Bipolar junction transistor:
Transistors are so named as they conduct via using both majority and minority carriers. The bipolar junction transistor that is abbreviated as BJT, the first type of transistor to be mass-produced, is a mixture of two junction diodes, and is made up of either a thin layer of p-type semiconductor sandwiched among the two n-type semiconductors (an n-p-n transistor), or a thin layer of n-type semiconductor sandwiched among the two p-type semiconductors (a p-n-p transistor). This construction generates two p-n junctions: a base-emitter junction and a base-collector junction, separated via a thin region of semiconductor termed as the base region (two junction diodes wired together with no sharing an intervening semiconducting region will not make a transistor).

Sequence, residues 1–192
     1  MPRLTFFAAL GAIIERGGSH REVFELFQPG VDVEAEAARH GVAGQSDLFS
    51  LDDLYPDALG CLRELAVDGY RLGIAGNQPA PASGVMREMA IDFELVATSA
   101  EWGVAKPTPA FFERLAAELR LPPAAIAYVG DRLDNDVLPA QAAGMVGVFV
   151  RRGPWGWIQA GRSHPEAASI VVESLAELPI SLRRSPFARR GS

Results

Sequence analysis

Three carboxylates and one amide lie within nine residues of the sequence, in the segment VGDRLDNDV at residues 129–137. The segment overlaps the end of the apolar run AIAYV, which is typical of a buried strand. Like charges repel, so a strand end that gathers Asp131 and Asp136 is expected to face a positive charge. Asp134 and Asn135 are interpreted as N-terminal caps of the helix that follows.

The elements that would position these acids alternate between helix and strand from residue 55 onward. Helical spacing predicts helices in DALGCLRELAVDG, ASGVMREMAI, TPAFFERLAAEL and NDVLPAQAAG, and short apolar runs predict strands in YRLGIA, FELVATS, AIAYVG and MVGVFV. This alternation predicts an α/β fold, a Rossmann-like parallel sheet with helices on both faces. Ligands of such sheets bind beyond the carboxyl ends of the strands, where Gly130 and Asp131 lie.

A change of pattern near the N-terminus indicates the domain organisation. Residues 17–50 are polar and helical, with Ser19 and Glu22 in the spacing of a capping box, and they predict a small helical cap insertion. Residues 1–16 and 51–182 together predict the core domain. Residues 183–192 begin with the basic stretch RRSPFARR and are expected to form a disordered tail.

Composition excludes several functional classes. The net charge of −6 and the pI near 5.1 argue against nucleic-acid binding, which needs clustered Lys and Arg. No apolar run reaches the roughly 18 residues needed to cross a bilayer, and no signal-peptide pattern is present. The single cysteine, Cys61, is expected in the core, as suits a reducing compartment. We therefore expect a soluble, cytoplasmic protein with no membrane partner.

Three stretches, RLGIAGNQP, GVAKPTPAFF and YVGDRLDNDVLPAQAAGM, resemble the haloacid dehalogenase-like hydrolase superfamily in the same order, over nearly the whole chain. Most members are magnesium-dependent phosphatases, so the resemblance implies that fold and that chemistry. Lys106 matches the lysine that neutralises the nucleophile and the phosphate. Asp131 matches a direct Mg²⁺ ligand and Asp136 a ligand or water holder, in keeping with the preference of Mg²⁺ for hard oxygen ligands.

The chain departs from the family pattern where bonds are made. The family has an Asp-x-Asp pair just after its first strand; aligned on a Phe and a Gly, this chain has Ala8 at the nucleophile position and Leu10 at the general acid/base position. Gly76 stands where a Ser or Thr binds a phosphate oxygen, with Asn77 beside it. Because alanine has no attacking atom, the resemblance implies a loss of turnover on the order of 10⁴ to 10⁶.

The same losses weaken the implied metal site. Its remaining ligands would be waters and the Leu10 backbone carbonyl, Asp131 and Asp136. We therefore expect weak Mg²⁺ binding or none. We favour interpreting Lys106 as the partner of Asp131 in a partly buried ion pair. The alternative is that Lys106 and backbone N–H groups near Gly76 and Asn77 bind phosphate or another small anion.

The BJT or bipolar junction transistor has three terminals that are corresponding to the three layers of semiconductor - an emitter, base, and collector. It is helpful in amplifiers as the currents at the emitter and collector are controllable through a comparatively small base current." In the active region, the emitter-base junction is forward biased and electrons are injected into the base region, in an NPN transistor operating. Since the base is narrow, most of these electrons will diffuse into the reverse-biased (electrons and holes are made at, and move away from the junction) base-collector junction and be swept into the collector; may be one-hundredth of the electrons will recombine in the base that is the dominant mechanism in the base current. Through controlling the number of electrons which can leave the base, the number (digit) of electrons entering the collector can be controlled. Collector current is almost β (common-emitter current gain) times the base current. It is commonly greater than 100 for small-signal transistors but can be much smaller in transistors intended for high-power applications.